St. Mary’s Catholic Church
Madonna on the Plains
The Texas Panhandle contains a wide array of interesting places, each reflecting a unique population, history, and culture. Much like the native flora and fauna, these places are often camouflaged, blending into their humble communities amid the vast arid landscape of the Great Plains region. I recently happened upon such a place in a small community called Umbarger located on Hwy 60 between Canyon and Hereford.
Representative of the many small communities scattered along the regions travel-worn highways, Umbarger is tiny and unassuming. Only the most perceptive of travelers would look twice as they blew past, and only the utmost curious might bother to stop. I wish I could say I was one such traveler, but alas, I spent decades driving past the community on my way to Canyon or Amarillo. It became so much a part of my familiar landscape that in many ways I stopped seeing it entirely. The community became more or less invisible to my adapted eyes, a mere signpost in my commute.
Over the years I had heard talk of something special there. Indeed, I had even stopped once or twice to patron the community’s famous Rafter G restaurant—a delightful establishment which serves up barbecue or catfish buffets. But, I was always too rushed or too busy to stop and investigate. And so my curiosity built over time as I heard more people talk about this special church in Umbarger. It wasn’t until I offered to give a fellow student a day tour of the North West portion of the Panhandle that I finally blazed a trail—a whole three blocks from the highway—to St. Mary’s Catholic Church in Umbarger.
Established in 1910, St. Mary’s Parish serves as Umbarger’s only place of worship. The current structure was built in 1929, and like the community it serves, the church’s exterior is simple and unassuming. However, upon entering the interior, visitors are accosted by an unexpected and stunning display of colorful murals, carvings, statues, and stained glass.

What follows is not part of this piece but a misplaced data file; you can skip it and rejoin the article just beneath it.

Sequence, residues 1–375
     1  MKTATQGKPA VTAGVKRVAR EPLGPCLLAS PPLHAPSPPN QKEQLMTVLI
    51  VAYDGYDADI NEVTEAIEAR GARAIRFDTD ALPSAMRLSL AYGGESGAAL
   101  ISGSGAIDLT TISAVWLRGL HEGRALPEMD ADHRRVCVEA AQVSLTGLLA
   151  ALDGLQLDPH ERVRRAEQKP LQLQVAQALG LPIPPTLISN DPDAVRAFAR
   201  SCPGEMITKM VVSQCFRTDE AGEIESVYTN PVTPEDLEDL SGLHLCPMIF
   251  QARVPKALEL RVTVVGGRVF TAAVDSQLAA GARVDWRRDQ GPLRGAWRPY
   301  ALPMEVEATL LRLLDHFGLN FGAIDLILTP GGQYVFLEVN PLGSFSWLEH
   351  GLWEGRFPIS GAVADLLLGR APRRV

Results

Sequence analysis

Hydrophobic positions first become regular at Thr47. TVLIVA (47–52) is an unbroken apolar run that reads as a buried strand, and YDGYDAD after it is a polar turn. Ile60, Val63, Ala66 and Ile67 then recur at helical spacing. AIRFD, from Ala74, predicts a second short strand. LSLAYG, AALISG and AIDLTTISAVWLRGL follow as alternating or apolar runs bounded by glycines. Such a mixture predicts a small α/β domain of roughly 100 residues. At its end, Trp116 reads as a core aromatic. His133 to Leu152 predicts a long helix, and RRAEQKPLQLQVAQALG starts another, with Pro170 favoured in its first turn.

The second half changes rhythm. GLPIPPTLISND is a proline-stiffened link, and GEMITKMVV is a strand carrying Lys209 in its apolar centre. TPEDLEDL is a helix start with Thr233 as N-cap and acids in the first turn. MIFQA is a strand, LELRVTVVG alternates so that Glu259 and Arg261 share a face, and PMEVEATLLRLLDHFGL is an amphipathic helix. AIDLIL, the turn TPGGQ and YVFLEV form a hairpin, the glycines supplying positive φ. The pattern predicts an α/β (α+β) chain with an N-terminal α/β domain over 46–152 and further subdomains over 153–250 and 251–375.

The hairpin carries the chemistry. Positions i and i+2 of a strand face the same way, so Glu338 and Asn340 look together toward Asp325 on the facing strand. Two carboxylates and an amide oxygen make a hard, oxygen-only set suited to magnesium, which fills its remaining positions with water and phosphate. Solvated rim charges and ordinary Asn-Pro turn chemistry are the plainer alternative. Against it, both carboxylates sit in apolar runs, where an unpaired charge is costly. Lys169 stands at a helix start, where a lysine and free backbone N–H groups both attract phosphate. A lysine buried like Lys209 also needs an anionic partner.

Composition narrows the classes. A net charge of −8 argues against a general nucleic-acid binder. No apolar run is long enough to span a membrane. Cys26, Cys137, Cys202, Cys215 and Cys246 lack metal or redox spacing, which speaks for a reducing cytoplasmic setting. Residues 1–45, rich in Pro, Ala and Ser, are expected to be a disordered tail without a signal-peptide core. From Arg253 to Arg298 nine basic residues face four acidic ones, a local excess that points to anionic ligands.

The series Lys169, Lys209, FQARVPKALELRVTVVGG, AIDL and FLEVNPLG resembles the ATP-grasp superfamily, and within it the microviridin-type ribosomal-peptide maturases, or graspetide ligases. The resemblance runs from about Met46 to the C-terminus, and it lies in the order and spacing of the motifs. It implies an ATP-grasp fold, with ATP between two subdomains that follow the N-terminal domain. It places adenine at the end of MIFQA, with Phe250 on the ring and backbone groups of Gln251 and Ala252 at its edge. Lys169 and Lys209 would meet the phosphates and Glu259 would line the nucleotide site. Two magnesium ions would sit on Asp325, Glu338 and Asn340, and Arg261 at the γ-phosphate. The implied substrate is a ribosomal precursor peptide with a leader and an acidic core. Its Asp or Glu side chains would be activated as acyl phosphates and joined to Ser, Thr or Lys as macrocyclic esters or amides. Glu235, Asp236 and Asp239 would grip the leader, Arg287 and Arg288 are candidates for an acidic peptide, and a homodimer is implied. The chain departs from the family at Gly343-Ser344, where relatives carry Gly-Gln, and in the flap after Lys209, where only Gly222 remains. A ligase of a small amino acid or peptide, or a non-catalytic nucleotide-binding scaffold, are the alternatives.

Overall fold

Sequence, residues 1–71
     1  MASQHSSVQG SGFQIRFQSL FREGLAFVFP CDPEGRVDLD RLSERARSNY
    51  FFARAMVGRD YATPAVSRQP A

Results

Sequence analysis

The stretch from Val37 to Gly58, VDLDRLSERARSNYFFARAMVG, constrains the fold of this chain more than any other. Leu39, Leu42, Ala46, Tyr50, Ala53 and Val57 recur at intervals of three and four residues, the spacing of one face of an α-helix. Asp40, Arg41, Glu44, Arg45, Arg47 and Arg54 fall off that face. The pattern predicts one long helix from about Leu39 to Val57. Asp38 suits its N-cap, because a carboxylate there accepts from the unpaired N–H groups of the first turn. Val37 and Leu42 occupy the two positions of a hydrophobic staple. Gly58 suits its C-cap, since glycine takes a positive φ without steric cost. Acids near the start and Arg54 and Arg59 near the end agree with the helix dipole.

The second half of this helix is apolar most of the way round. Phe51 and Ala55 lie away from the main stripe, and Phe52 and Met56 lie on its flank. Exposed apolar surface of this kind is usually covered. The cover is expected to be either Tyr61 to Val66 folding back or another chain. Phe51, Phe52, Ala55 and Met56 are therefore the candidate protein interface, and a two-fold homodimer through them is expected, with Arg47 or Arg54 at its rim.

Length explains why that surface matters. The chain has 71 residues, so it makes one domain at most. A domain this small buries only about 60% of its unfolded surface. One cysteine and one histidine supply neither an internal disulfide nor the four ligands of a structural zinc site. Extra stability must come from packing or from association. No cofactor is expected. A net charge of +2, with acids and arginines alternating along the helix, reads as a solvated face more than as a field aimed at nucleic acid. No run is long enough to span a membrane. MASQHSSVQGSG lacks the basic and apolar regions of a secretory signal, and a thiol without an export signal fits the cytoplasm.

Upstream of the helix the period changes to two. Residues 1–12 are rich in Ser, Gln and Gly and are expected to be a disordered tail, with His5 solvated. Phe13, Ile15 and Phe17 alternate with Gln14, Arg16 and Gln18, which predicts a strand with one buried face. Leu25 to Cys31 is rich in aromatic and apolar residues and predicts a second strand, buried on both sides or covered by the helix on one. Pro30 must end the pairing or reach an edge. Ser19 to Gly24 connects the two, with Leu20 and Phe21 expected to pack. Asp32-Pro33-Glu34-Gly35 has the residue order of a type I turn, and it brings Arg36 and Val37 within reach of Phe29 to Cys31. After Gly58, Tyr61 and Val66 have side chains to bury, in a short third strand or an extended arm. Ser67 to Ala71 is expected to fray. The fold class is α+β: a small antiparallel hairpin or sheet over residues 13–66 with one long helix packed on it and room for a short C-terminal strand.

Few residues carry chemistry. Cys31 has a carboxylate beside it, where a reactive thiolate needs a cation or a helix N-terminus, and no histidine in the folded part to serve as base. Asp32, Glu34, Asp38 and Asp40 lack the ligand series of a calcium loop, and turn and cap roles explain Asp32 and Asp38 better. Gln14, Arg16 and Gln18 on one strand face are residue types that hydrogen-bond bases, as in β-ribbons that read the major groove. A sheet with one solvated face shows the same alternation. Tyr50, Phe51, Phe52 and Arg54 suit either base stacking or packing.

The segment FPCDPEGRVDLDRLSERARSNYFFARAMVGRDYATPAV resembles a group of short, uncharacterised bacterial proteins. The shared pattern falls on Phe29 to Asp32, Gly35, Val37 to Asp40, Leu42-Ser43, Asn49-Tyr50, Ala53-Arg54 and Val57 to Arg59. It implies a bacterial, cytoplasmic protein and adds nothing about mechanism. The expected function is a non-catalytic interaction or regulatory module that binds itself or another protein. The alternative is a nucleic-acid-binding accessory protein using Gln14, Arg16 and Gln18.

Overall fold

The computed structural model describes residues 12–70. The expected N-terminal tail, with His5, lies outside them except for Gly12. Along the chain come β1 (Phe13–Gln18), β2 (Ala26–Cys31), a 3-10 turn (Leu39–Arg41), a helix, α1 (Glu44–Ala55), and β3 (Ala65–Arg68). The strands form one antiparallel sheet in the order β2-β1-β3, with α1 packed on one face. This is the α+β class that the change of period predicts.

You might wonder what’s so special about a beautifully decorated church. After all, there are certainly no shortages of beautiful churches, cathedrals, mosques etc. across the globe.What makes St. Mary’s especially unique is that the church’s beautiful adornments were created by Italian Prisoners of War during World War II. The prisoners were captured and held at a POW camp close to Umbarger where they were fed only enough to survive. The intricate patterns ornamenting the walls were hand painted along with the beautiful murals and statues in exchange for extra food.
In many ways St. Mary’s perfectly reflects the unique convergences of history and culture possible in the Texas plains. For me, this sentiment is best reflected in one of the murals. The painting’s focus is a classic depiction of the Madonna. However, beyond her figure, one sees a background of sprawling plains beneath blue sky. In this painting the artist brings together three separate cultures: his Italian culture is represented in the execution of the oil painting itself, the Madonna figure represents a prevailing commonality in the form of the catholic faith, while the simple people of Umbarger are reflected in a tiny farm house seen in the distant landscape. A photograph of the mural has not been included as the parish retains the right to copy the image.
This painting, along with the other masterpieces present in St. Mary’s, effectively changed the way I have hitherto looked at the Umbarger community, and the Texas Panhandle in general. There are so many beautiful sights to see and stories to hear for those willing to look!
To avoid any real spoilers and to encourage those who have never visited St. Mary’s, I will refrain from detailing the church’s most special highlights and stories. I leave that in the capable hands of the parish volunteers who happily conduct public tours for donations! As mentioned before, Umbarger is also home to the Rafter G—a restaurant and bar that serves up catfish on Thursdays and barbecue on Friday’s and Saturdays. An afternoon visit to the church followed by dinner would make an ideal weekend outing. Tourist or local, I encourage anyone in the area to visit this Panhandle gem!